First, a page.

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C.P. Lesley (Five Directions)
Nasan, a young Tatar princess, is used as diplomatic fodder, to patch up a feud between two families – her own and that of a powerful Moscow boyar. But the arranged marriage (to a cousin of her brother’s cold-blooded murderer, actually) not surprisingly turns out to be loveless. The spirited Nasan takes to slipping out at night, roaming the streets of Moscow to do good deeds dressed as a young boy in order to assuage her guilt over her brother’s death. In the process, she creates the heroic persona of the Golden Lynx.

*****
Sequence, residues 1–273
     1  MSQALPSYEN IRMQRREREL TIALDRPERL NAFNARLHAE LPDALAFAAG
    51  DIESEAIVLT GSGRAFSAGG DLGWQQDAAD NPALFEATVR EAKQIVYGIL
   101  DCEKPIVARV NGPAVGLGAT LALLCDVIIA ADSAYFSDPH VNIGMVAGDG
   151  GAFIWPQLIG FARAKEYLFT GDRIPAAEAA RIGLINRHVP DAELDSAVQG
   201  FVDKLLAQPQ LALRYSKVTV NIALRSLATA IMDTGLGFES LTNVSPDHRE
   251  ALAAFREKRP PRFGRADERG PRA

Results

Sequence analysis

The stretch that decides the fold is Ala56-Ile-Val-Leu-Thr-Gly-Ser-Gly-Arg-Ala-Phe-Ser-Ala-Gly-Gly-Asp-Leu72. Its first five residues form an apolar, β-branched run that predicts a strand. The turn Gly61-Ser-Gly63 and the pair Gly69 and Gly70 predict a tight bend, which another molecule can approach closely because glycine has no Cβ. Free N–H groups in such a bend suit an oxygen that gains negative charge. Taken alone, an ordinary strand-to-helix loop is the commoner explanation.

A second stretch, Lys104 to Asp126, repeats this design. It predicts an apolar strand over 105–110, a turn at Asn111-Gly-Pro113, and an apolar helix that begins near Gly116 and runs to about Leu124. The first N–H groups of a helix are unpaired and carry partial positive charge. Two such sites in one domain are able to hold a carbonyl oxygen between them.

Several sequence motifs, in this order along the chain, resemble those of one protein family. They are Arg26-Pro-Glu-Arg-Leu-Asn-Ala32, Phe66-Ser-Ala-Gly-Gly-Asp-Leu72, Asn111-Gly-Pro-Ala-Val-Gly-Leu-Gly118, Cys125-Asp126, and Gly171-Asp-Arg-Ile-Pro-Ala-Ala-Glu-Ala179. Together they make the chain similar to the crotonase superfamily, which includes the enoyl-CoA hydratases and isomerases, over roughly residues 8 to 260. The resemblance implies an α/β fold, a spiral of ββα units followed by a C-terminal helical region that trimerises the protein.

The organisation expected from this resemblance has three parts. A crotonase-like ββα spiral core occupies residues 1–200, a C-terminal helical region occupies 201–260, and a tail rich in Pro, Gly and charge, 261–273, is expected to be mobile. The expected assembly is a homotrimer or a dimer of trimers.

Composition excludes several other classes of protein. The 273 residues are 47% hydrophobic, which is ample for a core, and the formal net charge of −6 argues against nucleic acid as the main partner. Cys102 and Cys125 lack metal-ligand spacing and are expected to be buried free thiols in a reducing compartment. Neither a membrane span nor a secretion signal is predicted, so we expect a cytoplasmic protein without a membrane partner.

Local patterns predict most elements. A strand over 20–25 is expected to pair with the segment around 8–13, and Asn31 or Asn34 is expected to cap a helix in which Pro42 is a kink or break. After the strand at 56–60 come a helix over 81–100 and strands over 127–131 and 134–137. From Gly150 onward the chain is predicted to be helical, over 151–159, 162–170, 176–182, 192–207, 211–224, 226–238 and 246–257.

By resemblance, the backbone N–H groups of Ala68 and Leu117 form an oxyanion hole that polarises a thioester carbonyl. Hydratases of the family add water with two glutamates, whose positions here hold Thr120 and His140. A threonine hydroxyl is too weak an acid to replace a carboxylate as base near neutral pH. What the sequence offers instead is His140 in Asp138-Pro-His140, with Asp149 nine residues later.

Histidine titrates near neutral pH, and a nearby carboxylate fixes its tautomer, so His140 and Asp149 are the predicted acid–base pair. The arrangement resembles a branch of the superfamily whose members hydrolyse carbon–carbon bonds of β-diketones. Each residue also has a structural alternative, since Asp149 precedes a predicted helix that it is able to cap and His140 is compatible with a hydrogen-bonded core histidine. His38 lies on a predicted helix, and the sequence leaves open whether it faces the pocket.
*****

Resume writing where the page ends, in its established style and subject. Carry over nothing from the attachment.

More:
Soon, however, Nasan is swept up in treacherous events. She alone stands able to stop a treasonous plot and save the young Tsar Ivan (who of course she cannot know will grow up to be Ivan the Terrible).
Swiftly paced, with compelling characters and vivid scenes evoking distant Muscovy, The Golden Lynx is a find for lovers of historical fiction, particularly one set in Russia. It is also unique in exploring the contrasts and tensions between sixteenth century Tatar and Russian cultures.
Reviewed in Russian Life: Jan/Feb 2014